“You fell off your broom,” he announced without preamble, as though he was surprised with himself for not realizing earlier. “I remember now. It was only our second lesson. We were barely off the ground, you turned too sharp and slid right off.”
Lily wasn’t sure which was worse: proof that someone else recalled an embarrassing memory, or proof that they’d forgotten until you reminded them. For a moment she blinked at him in disbelief, then she nodded slowly. “Yes, I remember that, actually, Potter, I was there, but thanks for bringing it up.”
“That’s why you hate flying.” It was a statement, not a question, and it held a note of pride, as if her aversion to flying was some sort of extra-credit puzzle he’d been determined to crack.
Lily wasn’t sure whether she found that flattering or off-putting.
“I mean, that’s no reason to hate flying,” he barrelled on.
“Lots of people fall off when they first start.”
He puffed up in his seat. “Not me, personally, but—”
“James,” she said sharply, and he sank down in his seat, finally focusing on her again. “That’s not why.”
One of his eyebrows crept skeptically up his forehead. “Pure coincidence, then?”
“I didn’t say that.” He looked about to argue again, and Lily lifted a hand to cut him off. “Why does it matter so much to you anyway?”
“Because I think you’re missing out,” he said simply. He leaned across the desk towards her, eyes narrowed like he was trying to solve her. “Why don’t you want to tell me?”
“Honestly?” She hadn’t wanted to say this, but he was leaving her no choice. She stretched forward to look him in the eye. “Because I don’t think you, of all people, would understand.”
He didn’t look away, didn’t even flinch. “Try me.”
The steadiness in his voice felt like a challenge and a promise all at once, and the last of her resolve crumbled in the face of it.
“Fine.” She cast a look around the library, checking that the other students seemed too far away or too absorbed in their own work to pay her any attention. She took a breath and squared her shoulders. “If you must know, flying was the first thing at Hogwarts that made me feel less than for being Muggleborn.”
The confidence on his face melted away immediately, replaced at first by surprise and then by something skirting so close to pity that she looked down, smiling nervously and fidgeting with her quill. A second of awkward silence settled between them, and then suddenly the words were pouring out of her:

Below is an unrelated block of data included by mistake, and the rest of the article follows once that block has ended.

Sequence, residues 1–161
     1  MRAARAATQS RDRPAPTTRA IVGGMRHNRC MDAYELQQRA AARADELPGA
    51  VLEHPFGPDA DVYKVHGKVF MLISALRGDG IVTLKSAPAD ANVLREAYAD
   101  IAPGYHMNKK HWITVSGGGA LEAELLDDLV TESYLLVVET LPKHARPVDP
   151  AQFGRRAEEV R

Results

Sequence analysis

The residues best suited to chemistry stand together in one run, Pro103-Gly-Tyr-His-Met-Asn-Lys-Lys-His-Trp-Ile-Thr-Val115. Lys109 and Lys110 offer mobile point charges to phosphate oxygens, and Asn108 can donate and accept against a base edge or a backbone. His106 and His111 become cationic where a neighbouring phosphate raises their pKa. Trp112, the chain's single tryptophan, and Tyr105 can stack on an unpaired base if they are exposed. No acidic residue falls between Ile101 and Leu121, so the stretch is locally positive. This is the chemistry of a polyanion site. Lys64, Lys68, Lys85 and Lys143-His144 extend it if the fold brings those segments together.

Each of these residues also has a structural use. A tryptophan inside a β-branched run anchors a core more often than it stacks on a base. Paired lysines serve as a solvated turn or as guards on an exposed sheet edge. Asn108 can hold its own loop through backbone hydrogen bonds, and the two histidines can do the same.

“Up until then it didn’t feel like it mattered — in classes you couldn’t tell, and nothing seemed any harder for me than the other kids. But then we got out on that field, and all the purebloods, all the kids with a witch or wizard in the family... they knew what to do. They’d all been flying since they were five, playing Quidditch in their back garden, it was easy for them, it was fun for them, and I…”
She paused there, lifting one shoulder in a half shrug. “I fell off, second day, and everyone laughed.” She aimed an embarrassed smile at the top of her desk. “I know it’s silly, and it was ages ago, and it’s not a big deal, and no one else even remembers it. But I do, and it was the first time I felt different because of my blood.” Heat spread across her cheeks but she sat up straight in her chair, lifting her chin. “So I hated that class, and I hate flying.”
Confession finished, she met James’ eyes again, her heart pounding a little louder in her chest in a mix of defiance and shame. He looked at her like he was trying to solve a riddle, the cleverness that had made him Head Boy struggling to come up with an answer.
She could imagine what he’d say next, which well-meaning but oblivious platitude he’d decide to go with. Lily had heard and hated them all before. Maybe aw, Evans, that’s ridiculous or it’s not that big a deal or that’s no reason to hate flying. Worst of all of them was don’t worry, no one thinks that — except, of course, for half the Slytherins and some others besides, the powerful Dark wizard waging war outside the school with all his violent cronies, and even the little boy who had once promised her blood made no difference.
But he didn’t say any of those. Instead he said, “I could teach you.”
Startled, Lily blinked. “What?”
“To fly. I could teach you how to fly. Properly, I mean, not that rubbish from first year.”
She sat back in her seat, sighing. She’d known he wouldn’t understand — after all, wasn’t he one of the very purebloods she’d described? — but still it stung. “That’s… that’s not really the point, Potter.”
“I know,” he said, seriously enough that she believed him. “But I can’t fix those other things. I can teach you how to fly, though.”
Immediately she was shaking her head and folding her arms protectively across her chest. “I don’t know…”